Larger versions of copepods are known as amphipods. These can consume a variety of wastes, including fish waste. They also eat most of the waste that forms and sticks onto surfaces and substrates.

Note that even the larger copepods are not really large and can squeeze into tiny spaces and reach for the waste in those spaces. Here is a video explaining what copepods eat;

What copepods eat

Are copepods good or bad?

Some aquarium owners view copepods as pests, yet they are not. These tiny organisms help clean the aquarium and provide an extra food source for the fish. Their feed on algae makes them even more nutritious and valuable for the fish.

Imagine copepods as workers providing free labor and still contributing to ensuring you and your family get enough food to sustain you. Simply put, their benefits are way more than can be imagined. However, you must learn to eliminate copepods in a fish tank if you feel they are too much.

Eliminating copepods from the aquarium is easier than it may seem. Some of the steps include:

1. Siphoning

Copepods are generally attracted to light. Shining a spotlight on the tank in the dark will attract them, and they will swim toward the light source. They can be easily siphoned or sucked out of the tank using a suction pump and a PVC pipe.

2. Avoid overfeeding the fish

Less feeding of the fish reduces the volume of waste disposed of daily. A scarcity of food sources translates to a reduction in copepods within the tank. Less food will stop their numbers from growing while the fish feed on them.

3. Introducing predators

Certain freshwater fish species, especially the smaller ones like guppies, mollies, and tetras, are excellent copepod eaters. They can easily spot these tiny organisms that may be difficult for bigger fish to spot.

Even though some may view them as invaders and even refer to them as fish lice, copepods are an excellent addition to an aquarium. They clean your aquarium and supplement the fish diet in any setup, which is just part of the benefits of Live Copepods in a fish tank.

Copepods in a reef and shrimp tanks

Copepods are critical in all reef tanks for various ecological reasons. First, these organisms act as grazers, feeding on microscopic microalgae. The second function is that they act as scavengers, where they feed on detritus. Finally, they act as food for certain zooplankton.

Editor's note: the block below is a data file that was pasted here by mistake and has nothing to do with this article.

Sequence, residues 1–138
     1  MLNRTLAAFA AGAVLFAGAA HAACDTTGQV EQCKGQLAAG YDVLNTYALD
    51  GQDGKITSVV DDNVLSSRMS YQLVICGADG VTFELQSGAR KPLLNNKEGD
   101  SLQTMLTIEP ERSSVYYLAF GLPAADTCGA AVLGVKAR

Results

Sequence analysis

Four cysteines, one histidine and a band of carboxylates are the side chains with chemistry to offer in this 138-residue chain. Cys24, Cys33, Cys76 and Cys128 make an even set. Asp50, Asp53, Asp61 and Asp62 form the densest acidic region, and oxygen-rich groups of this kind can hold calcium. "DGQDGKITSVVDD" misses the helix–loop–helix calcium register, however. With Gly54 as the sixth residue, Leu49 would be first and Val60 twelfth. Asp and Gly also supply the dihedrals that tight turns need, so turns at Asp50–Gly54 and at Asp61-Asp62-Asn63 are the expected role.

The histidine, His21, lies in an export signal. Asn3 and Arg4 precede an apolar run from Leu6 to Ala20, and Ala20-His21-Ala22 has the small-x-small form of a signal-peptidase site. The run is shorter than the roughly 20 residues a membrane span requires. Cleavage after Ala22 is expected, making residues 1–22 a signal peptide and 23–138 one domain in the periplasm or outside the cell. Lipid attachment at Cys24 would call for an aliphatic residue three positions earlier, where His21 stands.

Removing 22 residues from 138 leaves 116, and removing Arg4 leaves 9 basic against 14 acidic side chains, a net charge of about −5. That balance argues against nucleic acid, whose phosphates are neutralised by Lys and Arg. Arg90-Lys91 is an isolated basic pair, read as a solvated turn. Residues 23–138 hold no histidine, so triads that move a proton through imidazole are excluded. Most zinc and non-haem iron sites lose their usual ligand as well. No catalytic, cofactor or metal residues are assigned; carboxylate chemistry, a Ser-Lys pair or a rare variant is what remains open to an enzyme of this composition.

They provide the coral with an excellent food source, particularly supplementing the fatty acids they extract from the microalgae. Copepods can also help clean the microalgae off the reefs, allowing the coral to breathe easily.

Additionally, copepods also help maintain the water quality of coral. Determining if the water quality is not fair to coral is difficult. Therefore, a natural means of maintaining the water quality might do more good for the coral. It is advisable to have as many copepods as possible in a reef tank to improve the health of the coral.

Shrimps are not known to go after copepods. It is also apparent that shrimps produce waste and are likely to have grime in their tanks. It may not be uncommon to spot large colonies of copepods in a shrimp tank due to the availability of food sources alongside the lack of a natural predator.

The presence of copepods in a shrimp tank must not be a cause for alarm as they are rarely harmful to shrimps.

If you are not interested in having copepods in a shrimp tank, it may be advisable to introduce more friendly fish that will not feed on the shrimps but can eat the copepods. The introduction may be a temporary remedy, and the fish can be returned to their tanks after completing their purpose.